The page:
The Ten Foot, Five Foot Rule – With a Twist

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This isn’t anything new, but it’s worth a reminder. It’s Customer Service 101. It is a very basic concept or strategy that you may be familiar with, except I have a twist on this, so please read on!

The “Ten Foot, Five Foot Rule” is generally thought to be a frontline strategy, just for customer facing employees. For those that might not know what I’m referring to, the rule, if that is what you want to call it is really a simple strategy:

Within ten feet or so of a customer, you should acknowledge them with a facial expression. I add to that, it should be a smile! And within five feet or so of the customer, you should acknowledge them verbally. It may be a simple, “Good morning,” or “Great day today.” The idea is to create a small positive interaction between you and your customer. This all makes sense and some of the best companies in the world actually include this simple strategy in their employee training programs.

However, seldom does anyone ever talk about this “rule” being applied to the internal customer. By the way, many typical front line customer service strategies can be easily applied to the internal customer. Imagine if everyone you work with greeted you every morning when you came to work. Or they smiled at you every time you walked by them. Think of the positive atmosphere this might promote in your company. Think of the energy that would result if everyone was just a little nicer to everyone they encountered – both customers and fellow employees.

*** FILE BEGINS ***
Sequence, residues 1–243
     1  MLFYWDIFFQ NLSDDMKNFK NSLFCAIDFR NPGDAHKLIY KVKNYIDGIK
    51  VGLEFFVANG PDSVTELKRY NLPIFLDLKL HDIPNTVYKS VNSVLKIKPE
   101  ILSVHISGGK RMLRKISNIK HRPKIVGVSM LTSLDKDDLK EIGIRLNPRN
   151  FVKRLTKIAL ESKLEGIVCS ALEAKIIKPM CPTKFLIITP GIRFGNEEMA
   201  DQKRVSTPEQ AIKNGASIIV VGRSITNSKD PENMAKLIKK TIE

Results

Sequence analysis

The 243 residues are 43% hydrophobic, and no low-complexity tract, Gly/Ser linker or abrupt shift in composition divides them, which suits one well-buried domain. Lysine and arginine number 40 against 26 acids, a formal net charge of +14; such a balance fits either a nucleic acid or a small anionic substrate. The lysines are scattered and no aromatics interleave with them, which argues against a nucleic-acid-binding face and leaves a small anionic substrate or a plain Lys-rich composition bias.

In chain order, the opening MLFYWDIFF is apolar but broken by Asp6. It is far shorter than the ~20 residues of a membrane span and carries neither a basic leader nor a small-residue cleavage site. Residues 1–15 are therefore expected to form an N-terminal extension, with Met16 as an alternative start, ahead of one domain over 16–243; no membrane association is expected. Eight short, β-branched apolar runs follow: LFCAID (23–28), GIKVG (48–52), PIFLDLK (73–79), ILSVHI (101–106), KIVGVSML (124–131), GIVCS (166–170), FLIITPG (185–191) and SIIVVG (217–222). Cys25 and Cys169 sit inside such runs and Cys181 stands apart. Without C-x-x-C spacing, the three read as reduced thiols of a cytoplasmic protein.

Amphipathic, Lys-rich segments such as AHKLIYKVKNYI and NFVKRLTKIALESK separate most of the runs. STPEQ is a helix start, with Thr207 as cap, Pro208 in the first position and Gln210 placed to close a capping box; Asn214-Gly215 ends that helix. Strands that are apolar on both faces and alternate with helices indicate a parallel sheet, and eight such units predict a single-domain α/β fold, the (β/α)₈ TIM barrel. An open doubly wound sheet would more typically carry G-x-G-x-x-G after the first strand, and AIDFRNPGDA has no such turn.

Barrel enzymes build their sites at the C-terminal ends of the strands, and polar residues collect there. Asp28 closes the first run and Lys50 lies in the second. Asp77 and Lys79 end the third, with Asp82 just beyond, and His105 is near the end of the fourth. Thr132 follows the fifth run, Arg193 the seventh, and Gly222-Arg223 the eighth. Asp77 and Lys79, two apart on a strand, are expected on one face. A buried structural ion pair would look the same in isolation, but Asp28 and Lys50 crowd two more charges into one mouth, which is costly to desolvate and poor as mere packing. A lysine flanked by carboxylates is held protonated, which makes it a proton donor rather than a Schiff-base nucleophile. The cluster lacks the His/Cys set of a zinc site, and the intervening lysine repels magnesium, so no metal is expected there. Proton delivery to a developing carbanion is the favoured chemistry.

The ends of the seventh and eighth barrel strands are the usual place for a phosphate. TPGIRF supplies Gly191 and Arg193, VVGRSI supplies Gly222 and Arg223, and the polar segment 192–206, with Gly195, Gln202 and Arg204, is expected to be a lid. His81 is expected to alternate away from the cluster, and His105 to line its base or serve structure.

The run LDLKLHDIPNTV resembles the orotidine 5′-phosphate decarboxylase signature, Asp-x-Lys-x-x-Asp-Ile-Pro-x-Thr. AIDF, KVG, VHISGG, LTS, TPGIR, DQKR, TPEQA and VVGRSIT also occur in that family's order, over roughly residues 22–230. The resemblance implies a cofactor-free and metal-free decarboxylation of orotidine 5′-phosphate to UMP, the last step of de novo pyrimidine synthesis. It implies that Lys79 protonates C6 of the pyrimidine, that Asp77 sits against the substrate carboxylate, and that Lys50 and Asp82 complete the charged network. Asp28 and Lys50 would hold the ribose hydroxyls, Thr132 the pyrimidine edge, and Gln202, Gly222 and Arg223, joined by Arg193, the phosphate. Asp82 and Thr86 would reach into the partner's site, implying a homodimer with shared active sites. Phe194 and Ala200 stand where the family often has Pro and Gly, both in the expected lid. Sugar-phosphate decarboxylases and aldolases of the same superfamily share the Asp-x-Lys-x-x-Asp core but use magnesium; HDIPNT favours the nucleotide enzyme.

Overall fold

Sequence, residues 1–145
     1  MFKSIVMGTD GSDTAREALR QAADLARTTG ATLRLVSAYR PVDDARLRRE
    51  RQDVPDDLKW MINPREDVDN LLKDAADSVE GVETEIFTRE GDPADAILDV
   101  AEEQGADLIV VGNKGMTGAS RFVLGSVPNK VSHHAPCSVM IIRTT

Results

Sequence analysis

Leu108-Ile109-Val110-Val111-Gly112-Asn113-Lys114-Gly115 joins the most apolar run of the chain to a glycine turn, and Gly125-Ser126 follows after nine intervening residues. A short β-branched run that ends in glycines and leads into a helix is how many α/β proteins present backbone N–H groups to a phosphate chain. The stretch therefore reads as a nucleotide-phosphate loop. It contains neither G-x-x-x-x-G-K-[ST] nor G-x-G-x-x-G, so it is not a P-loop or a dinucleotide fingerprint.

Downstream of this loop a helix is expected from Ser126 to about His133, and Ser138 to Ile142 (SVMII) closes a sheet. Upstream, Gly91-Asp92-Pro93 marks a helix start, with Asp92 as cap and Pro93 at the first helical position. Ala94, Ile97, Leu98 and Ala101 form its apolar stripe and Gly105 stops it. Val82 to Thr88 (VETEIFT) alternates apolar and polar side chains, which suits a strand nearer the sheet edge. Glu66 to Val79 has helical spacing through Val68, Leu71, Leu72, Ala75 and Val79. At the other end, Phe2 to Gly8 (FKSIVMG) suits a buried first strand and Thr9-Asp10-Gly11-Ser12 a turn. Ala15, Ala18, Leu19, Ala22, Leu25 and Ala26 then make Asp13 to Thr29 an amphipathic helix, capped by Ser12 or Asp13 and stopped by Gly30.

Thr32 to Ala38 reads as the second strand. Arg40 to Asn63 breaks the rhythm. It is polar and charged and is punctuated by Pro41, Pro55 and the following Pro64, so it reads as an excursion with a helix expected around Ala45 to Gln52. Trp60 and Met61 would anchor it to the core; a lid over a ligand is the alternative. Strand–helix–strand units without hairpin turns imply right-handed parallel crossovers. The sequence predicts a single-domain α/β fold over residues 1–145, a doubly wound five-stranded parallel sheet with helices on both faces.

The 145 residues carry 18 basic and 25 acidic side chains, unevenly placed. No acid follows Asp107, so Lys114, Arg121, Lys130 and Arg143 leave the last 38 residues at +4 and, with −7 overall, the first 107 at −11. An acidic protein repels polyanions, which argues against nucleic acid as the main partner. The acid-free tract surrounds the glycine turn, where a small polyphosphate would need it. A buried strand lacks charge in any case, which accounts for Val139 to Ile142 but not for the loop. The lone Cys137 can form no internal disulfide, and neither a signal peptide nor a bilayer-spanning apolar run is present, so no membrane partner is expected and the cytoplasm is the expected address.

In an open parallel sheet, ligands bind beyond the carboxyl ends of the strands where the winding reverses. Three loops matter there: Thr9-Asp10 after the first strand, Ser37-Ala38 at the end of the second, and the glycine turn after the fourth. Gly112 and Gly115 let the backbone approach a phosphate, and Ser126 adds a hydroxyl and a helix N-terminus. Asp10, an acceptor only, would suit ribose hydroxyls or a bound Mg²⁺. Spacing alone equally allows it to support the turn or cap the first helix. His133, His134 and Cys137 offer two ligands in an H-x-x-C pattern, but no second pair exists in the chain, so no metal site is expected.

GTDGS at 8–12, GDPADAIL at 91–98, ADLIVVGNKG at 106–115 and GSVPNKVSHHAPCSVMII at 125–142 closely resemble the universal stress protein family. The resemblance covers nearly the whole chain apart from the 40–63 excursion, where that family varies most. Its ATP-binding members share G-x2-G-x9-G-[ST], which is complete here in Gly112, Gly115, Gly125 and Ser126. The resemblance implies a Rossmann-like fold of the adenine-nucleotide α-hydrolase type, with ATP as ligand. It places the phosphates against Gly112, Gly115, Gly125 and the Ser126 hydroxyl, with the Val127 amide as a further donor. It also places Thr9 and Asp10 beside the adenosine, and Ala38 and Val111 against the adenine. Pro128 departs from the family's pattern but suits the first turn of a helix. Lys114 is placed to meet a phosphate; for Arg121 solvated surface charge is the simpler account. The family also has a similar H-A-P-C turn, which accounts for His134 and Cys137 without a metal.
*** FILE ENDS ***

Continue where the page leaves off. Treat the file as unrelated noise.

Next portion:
Some people won’t be good at this. Some people won’t want to do it. It is just not something they are used to. However, make it part of your culture (dare I say mandatory), and once everyone starts to do it and it becomes a habit, it will be much easier for everyone to do. Keep in mind as you hire new people that you are looking for the personalities that buy into this type of practice.

If this “rule” was originally meant to be used with customers, the concept of bringing it internally is a powerful way to set a positive tone and example in your workplace. This is especially important for management and leadership to show how it is done. If they don’t do it, you can’t expect others in the company to do it either.

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